A fresh series of talks to address Venezuela’s profound political crisis are afoot in Mexico City. The discussions will likely be long and cumbersome, but there is space for partial and early agreements that could improve everyday life for Venezuelans.
A study of social media content shows that Venezuelan opposition figures often take harder anti-government lines if they flee abroad. Exiles’ voices are important, but those trying to end Venezuela’s crisis should listen to others as well, recalling that compromise offers the only peaceful exit.
Following legislative elections, President Nicolás Maduro controls all of Venezuela’s major political institutions. Meanwhile, the country’s crisis deepens apace. An exit remains possible if the government and opposition adjust their zero-sum thinking to admit the need for compromise. The new U.S. administration can help.
Geography, economics and migration patterns dictate that Colombia and Venezuela, which severed diplomatic ties in 2019, will confront the coronavirus pandemic together. The two countries should temporarily mend their relations, and the Venezuelan factions should pause their duel, to allow for a coordinated humanitarian response.
Venezuela’s political showdown appears deadlocked. President Nicolás Maduro remains firmly in place over a year after the opposition behind Juan Guaidó mounted its campaign to supplant him. The gap between the sides is wide, but conversations with pragmatists reveal the outlines of a potential compromise.
Power in Venezuela is slipping away from state institutions and concentrating in the hands of criminals, guerrillas and other non-state actors. Any new negotiations between government and opposition must consider how to defang these armed irregulars, who might otherwise scuttle an eventual settlement.
The standoff between Venezuela’s government and opposition has reached a worrying juncture, with negotiations falling apart, side deals emerging and regional states rolling out new sanctions on Caracas. Resuming the talks is the safest path to an exit from the country’s ever deepening crisis.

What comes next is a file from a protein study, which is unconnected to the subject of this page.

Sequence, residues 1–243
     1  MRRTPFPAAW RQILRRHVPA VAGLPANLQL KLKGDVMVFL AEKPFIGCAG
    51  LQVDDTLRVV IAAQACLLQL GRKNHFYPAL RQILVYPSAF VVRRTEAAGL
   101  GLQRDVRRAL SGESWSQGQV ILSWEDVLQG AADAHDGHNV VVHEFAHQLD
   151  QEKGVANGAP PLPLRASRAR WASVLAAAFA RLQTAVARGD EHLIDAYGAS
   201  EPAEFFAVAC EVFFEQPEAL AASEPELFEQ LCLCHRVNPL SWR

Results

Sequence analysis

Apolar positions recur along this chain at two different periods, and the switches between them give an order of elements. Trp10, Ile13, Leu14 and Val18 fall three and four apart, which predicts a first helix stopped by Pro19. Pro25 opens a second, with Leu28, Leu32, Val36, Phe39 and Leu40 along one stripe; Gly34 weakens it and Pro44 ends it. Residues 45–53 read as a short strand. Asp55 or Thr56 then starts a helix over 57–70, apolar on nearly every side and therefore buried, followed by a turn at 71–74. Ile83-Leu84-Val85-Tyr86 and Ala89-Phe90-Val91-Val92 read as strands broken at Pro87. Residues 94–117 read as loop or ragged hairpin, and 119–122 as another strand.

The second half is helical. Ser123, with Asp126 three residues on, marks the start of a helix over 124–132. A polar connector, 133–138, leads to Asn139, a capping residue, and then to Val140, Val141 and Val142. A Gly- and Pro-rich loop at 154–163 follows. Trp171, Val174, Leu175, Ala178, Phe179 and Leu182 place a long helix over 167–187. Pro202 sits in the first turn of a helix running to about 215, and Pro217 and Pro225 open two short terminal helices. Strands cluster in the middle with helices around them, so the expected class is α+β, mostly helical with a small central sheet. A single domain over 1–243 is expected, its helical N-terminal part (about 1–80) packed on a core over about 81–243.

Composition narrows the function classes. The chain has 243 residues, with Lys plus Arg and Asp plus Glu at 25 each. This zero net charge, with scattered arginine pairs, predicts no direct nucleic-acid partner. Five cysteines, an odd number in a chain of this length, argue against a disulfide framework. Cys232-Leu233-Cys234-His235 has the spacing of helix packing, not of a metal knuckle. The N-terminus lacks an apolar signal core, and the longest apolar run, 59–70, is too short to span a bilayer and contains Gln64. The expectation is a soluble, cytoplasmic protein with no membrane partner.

Maduro is very isolated internationally. It's hard for him to trade. He can't renegotiate the massive debt that Venezuela has. So he needs some relief.
Unless he [Guaidó] is able to reinvent himself in some way, I think the Guaidó plan has clearly failed.
[Venezuela's] health service had collapsed long before sanctions were imposed.
[The Venezuelan Government] want[s] to make it quite clear that Guaidó is history.
If there's mass social unrest [in Venezuela] they are not really in a position to control it and I think that's the government's nightmare scenario.
What the [Venezuelan] regime is facing now is much more grave than they’ve ever faced before.
Opposition politicians in Venezuela face a difficult set of choices. But the sooner they face up to them, the sooner Venezuela can begin to tackle the enormous challenges of a much-needed political transition and economic reconstruction.
Originally published in World Politics Review
This week on Hold Your Fire!, Naz Modirzadeh, Richard Atwood and Ivan Briscoe, Crisis Group’s Latin America Director, talk about COVID-19’s devastation, polarisation and populism in the region, as well as the Venezuela crisis and violence in Mexico.
As Venezuela faces one of the world’s worst economic and humanitarian crises, concessions on both sides will be necessary to break the political deadlock. In this excerpt from our Watch List 2021, Crisis Group urges the EU and its member states to press for urgent access for humanitarian relief and to encourage the Maduro government and opposition parties to re-engage in negotiations.